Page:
Caching for Your API Is Easier Than You Think and Something You Should Invest In
Learn about caching practices for web and API traffic, and how caching is important to your API operations and strategy.
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I'm encountering more API providers who have performance and scalability concerns with their APIs, who are making technical procurement decisions (gateways, proxies, etc) based upon these challenges, but have not invested any time or energy into planning and optimization of caching for their existing web servers that are delivering their APIs. Caching is another aspect of HTTP that I keep finding folks have little or no awareness of, and do not consider more investment in it to assist them in alleviating their scalability and performance concerns.
There was a meeting I attended a couple weeks back where an API implementation was concerned about a new project for bulk loading and syncing of data between multiple external systems and their own, because of the strain it put on their database. Citing that they received millions of website, and API calls daily, they said they could not take the added load on their already strained systems during the day, limiting this type of activity to a narrow window at night. I began inquiring regarding caching practices in place on web and API traffic, and they acknowledged that they knew of no such activity or practices in place. This isn't uncommon in my experiences, and I regularly encounter IT groups who just don't have the time and HTTP awareness to implement any coherent strategy-this particular one just happened to admit it.
My friends over at the API Academy have a great post on caching for RESTful and Hypermedia APIs, so I won't be addressing the details of HTTP, and how you can optimize your APIs in this way. API caching isn't an unproven technology, and it is a well-known aspect of operating on the web, but it does take some investment and awareness. Like API design in general, you have to get to know the resources you are serving up, understand how your consumers are putting these resources to work, and adjust, dial-in, and tweak your caching strategy. It is something that gets incrementally harder, the more time zones you operate in, but with some investment, you can significantly increase the scalability of your APIs, the performance of properly cached paths, and do more with fewer resources. Scaling the size of your server isn't always the first sensible thing you should be doing, a coherent caching strategy will be a much wiser and cost-effective approach in the long run.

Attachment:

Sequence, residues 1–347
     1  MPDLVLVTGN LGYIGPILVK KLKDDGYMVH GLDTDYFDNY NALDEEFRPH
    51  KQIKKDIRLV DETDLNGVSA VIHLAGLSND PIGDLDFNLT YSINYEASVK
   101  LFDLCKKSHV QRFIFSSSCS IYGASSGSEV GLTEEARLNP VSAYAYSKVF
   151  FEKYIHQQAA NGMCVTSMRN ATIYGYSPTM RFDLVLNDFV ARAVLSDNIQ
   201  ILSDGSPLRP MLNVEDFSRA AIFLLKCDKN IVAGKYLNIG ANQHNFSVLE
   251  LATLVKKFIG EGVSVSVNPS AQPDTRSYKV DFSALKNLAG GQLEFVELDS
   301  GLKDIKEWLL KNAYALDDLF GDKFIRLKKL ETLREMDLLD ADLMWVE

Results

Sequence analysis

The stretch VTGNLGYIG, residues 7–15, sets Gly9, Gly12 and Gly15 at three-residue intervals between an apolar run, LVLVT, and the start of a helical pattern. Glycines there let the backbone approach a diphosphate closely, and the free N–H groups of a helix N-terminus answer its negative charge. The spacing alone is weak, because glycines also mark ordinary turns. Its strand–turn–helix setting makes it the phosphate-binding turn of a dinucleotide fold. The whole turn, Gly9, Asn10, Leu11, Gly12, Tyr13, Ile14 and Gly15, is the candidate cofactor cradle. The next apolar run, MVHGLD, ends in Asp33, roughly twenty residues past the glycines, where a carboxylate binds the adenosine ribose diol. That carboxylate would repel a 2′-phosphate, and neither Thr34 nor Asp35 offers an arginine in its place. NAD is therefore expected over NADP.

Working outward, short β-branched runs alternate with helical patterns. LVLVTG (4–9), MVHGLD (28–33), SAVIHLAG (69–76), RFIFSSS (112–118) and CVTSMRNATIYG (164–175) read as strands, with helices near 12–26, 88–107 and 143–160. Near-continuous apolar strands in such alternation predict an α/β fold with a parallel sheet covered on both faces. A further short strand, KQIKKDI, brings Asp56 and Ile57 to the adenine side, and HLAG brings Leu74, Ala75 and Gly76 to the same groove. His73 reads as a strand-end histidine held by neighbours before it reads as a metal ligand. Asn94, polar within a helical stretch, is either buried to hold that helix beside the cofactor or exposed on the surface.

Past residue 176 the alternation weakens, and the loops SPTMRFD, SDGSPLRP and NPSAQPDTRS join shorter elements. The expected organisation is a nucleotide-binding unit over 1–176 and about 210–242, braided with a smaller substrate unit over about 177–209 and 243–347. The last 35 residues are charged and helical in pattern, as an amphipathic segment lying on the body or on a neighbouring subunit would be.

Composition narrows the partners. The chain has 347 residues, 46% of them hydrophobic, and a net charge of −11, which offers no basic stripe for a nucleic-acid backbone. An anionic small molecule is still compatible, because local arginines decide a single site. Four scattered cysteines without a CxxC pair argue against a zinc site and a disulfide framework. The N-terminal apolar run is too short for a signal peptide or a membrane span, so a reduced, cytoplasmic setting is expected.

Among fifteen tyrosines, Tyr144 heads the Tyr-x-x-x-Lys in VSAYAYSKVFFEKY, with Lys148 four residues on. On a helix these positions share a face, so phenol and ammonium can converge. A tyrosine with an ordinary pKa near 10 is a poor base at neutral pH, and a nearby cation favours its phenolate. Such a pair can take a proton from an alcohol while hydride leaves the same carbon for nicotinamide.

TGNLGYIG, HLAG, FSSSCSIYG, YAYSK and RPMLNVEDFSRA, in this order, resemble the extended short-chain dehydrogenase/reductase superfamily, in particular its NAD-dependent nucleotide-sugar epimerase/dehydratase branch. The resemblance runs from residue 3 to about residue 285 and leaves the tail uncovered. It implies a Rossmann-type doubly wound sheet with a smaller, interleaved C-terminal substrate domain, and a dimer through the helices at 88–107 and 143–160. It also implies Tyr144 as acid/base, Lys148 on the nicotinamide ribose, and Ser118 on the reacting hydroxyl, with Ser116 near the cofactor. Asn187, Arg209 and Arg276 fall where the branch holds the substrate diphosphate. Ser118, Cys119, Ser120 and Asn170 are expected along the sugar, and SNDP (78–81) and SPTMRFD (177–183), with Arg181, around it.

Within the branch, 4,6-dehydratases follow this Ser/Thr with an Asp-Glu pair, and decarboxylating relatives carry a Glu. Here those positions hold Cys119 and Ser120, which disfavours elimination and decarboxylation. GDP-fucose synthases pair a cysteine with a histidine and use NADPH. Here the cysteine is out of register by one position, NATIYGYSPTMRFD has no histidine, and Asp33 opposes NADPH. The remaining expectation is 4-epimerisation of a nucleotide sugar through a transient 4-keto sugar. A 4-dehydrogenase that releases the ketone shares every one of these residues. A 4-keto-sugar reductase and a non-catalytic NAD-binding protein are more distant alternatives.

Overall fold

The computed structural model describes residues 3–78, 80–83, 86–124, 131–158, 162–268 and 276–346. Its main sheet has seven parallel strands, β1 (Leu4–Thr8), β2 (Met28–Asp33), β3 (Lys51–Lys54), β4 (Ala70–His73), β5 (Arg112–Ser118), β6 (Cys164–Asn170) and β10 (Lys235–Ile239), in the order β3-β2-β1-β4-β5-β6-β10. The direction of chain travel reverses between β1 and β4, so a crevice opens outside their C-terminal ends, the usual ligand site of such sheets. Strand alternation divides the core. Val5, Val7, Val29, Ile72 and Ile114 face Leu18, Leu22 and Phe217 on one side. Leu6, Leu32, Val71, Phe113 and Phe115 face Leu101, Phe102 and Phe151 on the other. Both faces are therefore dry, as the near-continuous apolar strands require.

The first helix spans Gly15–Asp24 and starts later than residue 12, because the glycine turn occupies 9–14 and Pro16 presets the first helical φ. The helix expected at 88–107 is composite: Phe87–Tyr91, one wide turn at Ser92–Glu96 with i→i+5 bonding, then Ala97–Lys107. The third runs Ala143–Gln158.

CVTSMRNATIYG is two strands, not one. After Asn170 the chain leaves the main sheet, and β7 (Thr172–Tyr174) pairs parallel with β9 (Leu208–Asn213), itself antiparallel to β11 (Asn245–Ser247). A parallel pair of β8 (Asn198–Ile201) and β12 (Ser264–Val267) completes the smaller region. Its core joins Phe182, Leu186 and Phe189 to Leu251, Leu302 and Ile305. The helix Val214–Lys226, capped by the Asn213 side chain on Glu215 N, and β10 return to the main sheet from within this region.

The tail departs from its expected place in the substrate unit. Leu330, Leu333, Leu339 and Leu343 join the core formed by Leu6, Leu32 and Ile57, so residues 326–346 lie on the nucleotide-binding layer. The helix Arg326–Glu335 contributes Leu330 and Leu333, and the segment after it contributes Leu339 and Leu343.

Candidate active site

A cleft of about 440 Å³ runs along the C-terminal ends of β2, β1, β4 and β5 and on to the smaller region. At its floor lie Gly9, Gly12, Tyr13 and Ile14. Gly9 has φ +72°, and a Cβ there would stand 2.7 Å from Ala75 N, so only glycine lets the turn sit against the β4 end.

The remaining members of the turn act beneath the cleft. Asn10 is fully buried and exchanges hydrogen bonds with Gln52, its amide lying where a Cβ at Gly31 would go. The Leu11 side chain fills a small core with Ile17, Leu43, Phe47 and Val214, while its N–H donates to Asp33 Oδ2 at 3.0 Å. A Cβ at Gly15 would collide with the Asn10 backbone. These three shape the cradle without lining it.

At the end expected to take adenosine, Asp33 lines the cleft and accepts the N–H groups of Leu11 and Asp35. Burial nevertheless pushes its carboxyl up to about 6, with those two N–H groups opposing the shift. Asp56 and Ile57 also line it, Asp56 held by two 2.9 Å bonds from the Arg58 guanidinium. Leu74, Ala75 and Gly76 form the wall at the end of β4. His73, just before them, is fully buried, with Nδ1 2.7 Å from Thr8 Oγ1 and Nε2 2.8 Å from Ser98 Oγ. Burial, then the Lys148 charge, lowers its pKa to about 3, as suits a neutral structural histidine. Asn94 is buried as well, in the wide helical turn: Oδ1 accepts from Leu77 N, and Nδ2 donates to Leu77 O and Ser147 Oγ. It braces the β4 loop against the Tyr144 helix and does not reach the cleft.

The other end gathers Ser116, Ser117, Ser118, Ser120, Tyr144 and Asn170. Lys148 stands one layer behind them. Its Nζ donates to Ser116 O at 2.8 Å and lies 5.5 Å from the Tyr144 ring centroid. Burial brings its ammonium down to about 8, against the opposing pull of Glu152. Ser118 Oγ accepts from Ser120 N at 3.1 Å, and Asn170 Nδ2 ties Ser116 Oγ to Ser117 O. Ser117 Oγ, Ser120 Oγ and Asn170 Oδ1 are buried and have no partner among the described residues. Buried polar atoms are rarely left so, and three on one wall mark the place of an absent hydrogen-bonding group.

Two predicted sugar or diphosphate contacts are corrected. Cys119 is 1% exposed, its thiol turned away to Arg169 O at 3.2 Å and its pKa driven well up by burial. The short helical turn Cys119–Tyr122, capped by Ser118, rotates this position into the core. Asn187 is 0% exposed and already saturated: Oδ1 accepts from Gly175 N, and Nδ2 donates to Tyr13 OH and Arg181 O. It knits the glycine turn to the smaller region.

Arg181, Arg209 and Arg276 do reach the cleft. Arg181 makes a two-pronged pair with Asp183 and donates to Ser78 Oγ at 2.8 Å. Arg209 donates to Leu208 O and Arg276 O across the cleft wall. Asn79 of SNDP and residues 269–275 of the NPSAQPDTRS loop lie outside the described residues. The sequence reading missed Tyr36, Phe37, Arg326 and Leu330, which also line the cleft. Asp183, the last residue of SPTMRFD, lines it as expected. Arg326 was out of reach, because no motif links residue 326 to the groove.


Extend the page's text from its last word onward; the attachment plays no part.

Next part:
A lack of API caching strategy amongst my clients and readers has a damaging effect on API operations. However, I'd say the most damage done isn't by the lack of a strategy, it is the reverberating decisions made around the inability to properly scale, and deliver the performance API clients are needing. I see many technology procurement decisions being made where scalability and performance are a major part of the conversation and decision-making process. Where conversations around API caching have never occurred. This is just lazy. This is just ignoring one of the key tenets of what makes the web work. This is just investing in technical debt, over making sensible architectural decisions, and spending the time to get to know the resources you are serving up, and how your customers are using them. Learning about HTTP, and caching does take some investment and planning, but it is nowhere the investment and planning that will be required to unwind the technical debt you've acquired made from the other bad technology purchasing decisions you've made along the way.
Published at DZone with permission of Kin Lane, DZone MVB. See the original article here.
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